5:45 am: The alarm goes off and you roll out of bed, you hit the shower turning on the coffee pot on the way to the bathroom. What will today look like? How will today be different than yesterday? Your list of responsibilities comes to the forefront of your mind.
7:30 am: Arrive at the restaurant, well ahead of any prep staff, servers, or anyone else for that matter.
As you drive into the parking lot, your eyes are already scanning the area for any debris that may have blown in. You look to the street lights and parking-lot lights to be sure they are working. You drive by the dumpster area and grease trap to be sure both are secure and there are no signs of debris or spillage that may have occurred during closing last night.
As you park your car, you stoop to pick up a few pieces of trash that are on the ground. As you reach for your keys and head to the door, you look at the doors and windows from top to bottom and make the note to have the opening sanitation crew come outside to give them a good wash. You place the key in the door, and you notice there are fingerprints on the glass—job number two to be completed before opening. You reach inside your bag and retrieve your tablet, you load the notes pages … your day has begun before your second cup of coffee.
This is nothing new, every day’s task list starts in the parking lot with the mental check of the area and what the guest may see before they enter the operation.
Why all this attention to the outside of the building? Our guest’s expectation starts the minute they drive into the lot; they often see things we forget to see. The debris in the parking lot may be just the “thing” that makes them get back into their car and drive to any other restaurant.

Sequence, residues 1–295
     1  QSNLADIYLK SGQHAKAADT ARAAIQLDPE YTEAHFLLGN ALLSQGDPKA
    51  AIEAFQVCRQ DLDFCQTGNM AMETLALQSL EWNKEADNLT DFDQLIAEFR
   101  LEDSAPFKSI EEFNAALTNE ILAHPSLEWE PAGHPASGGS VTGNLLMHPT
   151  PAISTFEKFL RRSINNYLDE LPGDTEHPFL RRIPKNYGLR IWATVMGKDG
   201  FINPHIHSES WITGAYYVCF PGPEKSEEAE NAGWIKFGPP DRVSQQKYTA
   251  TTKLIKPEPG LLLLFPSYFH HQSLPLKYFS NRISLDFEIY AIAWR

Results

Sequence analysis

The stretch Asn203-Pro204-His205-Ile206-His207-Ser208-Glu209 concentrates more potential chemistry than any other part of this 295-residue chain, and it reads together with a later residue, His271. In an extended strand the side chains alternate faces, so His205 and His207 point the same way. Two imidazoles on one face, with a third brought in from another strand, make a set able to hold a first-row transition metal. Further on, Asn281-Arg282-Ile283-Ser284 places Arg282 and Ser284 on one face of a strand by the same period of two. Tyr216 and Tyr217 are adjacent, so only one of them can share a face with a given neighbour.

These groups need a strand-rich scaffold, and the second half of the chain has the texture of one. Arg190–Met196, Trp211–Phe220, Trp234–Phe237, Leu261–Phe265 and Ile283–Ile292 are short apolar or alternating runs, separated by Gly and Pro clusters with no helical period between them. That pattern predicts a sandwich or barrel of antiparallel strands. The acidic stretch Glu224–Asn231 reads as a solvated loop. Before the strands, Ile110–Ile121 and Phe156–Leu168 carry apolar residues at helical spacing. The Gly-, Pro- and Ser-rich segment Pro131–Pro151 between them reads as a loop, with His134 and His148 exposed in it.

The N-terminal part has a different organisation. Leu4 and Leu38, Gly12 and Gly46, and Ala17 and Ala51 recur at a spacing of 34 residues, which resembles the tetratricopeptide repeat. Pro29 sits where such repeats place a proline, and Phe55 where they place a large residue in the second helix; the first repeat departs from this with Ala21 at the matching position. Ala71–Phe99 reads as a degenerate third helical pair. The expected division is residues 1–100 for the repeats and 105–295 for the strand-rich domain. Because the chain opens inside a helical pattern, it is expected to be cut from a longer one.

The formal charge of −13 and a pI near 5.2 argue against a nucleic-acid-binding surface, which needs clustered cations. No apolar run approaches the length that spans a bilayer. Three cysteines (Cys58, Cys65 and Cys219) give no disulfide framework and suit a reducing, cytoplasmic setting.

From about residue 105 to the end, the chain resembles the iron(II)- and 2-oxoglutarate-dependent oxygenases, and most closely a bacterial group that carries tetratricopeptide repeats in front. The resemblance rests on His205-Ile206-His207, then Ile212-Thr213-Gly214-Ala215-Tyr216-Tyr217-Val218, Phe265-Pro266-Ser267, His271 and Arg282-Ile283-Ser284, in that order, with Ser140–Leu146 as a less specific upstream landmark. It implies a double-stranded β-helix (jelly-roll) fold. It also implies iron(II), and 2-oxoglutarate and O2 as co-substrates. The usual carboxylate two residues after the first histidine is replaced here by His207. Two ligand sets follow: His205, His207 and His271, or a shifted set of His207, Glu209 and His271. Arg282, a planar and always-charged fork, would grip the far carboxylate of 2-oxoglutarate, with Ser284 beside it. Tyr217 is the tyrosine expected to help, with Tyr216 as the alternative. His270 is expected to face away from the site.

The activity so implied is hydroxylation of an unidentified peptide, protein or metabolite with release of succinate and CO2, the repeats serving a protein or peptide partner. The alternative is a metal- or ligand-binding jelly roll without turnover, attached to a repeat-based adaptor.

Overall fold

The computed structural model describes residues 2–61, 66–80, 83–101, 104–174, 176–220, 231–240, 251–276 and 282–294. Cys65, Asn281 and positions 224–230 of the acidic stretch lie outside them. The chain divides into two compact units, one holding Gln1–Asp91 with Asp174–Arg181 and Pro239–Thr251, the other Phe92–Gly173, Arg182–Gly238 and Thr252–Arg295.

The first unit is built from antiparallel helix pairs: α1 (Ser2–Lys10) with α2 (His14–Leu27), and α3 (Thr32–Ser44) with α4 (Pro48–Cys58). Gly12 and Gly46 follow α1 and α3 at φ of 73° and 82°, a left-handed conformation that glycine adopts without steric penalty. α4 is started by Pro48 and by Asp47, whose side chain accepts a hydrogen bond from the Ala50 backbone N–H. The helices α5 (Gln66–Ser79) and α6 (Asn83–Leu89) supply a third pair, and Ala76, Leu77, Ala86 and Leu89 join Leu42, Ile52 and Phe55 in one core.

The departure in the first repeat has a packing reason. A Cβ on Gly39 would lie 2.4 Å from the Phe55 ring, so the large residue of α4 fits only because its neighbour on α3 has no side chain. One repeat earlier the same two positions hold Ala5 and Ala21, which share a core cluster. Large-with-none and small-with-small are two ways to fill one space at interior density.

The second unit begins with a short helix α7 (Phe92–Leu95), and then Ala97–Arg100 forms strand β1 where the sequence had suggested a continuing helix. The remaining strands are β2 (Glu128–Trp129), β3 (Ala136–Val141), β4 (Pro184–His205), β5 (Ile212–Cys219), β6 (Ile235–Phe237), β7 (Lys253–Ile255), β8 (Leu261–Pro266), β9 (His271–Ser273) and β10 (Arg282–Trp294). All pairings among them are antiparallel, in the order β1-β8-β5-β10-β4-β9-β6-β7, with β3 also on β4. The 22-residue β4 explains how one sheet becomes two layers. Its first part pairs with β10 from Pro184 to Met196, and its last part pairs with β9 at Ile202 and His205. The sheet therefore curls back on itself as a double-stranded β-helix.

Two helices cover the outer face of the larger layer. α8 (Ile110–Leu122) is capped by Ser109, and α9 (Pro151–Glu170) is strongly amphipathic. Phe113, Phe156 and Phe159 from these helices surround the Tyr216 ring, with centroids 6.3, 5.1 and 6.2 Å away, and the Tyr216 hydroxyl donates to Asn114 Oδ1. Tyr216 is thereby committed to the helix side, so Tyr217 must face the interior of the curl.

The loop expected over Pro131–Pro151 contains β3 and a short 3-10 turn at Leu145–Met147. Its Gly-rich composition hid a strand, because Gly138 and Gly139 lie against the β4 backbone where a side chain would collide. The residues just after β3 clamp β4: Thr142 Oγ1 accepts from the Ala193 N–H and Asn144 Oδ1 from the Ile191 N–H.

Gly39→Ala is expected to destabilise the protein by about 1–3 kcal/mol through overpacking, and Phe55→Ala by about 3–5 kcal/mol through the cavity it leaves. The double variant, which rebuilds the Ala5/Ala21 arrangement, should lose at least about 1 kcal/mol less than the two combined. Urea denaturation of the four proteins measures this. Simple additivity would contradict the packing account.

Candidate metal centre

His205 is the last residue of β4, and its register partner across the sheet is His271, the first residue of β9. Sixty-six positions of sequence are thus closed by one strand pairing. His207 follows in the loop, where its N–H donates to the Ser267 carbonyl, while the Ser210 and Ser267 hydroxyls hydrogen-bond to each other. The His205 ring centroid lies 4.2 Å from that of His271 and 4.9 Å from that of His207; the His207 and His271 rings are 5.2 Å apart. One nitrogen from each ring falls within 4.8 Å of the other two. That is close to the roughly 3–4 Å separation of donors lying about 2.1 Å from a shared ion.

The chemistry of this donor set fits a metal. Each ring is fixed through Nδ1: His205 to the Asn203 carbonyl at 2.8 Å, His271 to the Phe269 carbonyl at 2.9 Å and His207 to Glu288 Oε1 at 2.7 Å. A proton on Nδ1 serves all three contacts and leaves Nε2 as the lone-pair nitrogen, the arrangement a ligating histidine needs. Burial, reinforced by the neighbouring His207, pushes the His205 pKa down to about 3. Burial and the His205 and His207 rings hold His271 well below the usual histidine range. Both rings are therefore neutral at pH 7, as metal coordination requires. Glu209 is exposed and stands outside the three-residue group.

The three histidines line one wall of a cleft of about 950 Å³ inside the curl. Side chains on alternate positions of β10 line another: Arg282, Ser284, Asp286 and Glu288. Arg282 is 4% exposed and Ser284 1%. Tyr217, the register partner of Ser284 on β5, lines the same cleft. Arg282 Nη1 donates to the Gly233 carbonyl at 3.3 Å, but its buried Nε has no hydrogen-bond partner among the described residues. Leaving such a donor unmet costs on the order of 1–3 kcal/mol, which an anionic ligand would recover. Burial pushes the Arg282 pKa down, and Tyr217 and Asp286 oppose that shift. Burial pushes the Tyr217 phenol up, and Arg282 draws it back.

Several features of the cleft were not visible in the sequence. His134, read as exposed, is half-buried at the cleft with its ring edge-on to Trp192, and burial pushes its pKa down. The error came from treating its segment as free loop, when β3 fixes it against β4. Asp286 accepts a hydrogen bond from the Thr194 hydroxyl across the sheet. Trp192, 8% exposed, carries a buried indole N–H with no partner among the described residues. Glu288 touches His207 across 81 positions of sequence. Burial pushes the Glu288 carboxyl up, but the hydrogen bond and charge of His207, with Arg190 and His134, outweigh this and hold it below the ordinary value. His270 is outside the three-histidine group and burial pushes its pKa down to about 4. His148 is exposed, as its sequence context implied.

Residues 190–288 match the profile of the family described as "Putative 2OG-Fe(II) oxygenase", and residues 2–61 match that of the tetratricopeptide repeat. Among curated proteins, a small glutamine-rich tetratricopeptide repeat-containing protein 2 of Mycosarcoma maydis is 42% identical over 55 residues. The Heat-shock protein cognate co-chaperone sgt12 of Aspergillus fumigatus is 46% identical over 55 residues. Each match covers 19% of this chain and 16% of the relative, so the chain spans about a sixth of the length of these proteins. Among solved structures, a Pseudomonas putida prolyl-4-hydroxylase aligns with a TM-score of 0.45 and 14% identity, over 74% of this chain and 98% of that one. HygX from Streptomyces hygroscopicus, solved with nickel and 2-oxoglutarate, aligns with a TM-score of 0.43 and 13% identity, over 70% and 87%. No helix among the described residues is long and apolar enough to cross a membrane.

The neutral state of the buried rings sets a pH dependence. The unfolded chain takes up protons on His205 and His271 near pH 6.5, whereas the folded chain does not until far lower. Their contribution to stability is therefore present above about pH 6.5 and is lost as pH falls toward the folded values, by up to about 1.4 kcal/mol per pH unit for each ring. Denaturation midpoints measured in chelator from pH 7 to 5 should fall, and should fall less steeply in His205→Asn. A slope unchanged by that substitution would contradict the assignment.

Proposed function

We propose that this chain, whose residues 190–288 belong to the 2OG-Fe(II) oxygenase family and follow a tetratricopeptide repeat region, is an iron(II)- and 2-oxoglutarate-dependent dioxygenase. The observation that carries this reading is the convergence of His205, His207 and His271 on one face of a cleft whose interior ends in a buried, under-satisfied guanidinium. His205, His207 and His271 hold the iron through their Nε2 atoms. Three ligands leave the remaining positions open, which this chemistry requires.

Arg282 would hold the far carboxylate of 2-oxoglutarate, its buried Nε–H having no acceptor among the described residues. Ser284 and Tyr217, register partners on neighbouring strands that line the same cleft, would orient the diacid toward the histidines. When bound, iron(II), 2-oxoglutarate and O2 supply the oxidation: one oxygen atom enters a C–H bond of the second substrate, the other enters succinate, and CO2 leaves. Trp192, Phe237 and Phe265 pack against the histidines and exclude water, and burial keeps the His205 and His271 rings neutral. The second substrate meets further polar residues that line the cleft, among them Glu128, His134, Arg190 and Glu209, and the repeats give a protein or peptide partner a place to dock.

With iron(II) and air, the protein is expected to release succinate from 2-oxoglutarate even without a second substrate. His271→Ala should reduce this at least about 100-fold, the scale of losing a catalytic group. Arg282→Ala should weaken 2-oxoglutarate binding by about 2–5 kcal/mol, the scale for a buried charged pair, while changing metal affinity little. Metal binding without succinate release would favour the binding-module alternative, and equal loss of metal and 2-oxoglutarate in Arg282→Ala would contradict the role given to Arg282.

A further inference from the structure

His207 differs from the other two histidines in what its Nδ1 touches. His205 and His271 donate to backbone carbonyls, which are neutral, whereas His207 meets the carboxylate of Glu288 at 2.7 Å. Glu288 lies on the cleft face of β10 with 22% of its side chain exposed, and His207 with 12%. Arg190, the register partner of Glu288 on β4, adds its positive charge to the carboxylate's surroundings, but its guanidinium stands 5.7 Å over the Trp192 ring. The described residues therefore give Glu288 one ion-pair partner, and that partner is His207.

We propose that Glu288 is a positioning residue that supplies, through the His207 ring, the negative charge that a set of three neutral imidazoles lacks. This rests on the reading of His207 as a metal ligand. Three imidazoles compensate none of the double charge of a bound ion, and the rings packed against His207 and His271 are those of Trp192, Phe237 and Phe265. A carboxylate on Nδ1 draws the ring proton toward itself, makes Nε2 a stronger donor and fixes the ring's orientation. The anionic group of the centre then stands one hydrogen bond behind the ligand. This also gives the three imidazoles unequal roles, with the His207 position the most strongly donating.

7:45 am: After having listed both the debris in the lot and the dirty windows on the Parking Lot Checklist, you enter the foyer, pull up your Dining Room Checklist, and begin your front-of-the-house checks: Has the trash been emptied? Check. Have the server stations been set up for the day? Check. Have the windows and the window sills been dusted? Check. Have all of the menus been wiped clean? Check, with the note that the menus left at the back servers station are not cleaned. Are all the lights bulbs working? Check, with the note that the light bulbs in the foyer are starting to flicker. Have the high chairs, trays, and stands been completely wiped down? Check, check, and check. Have the plants been watered and dusted for spider webs? Check. The floor swept or vacuumed? Check, with the note that the vacuum cleaner bag needs to be changed and you need to order more bags. POS system? Check.
8:15 am: You make your way down to the restrooms. You pull up the bathroom checklist and begin your check of these facilities: mirror, sinks, floor, trash, toilet paper, walls behind and underneath the toilets and urinals, light bulbs, air freshener, doors on the stales, any posted signage and advertising.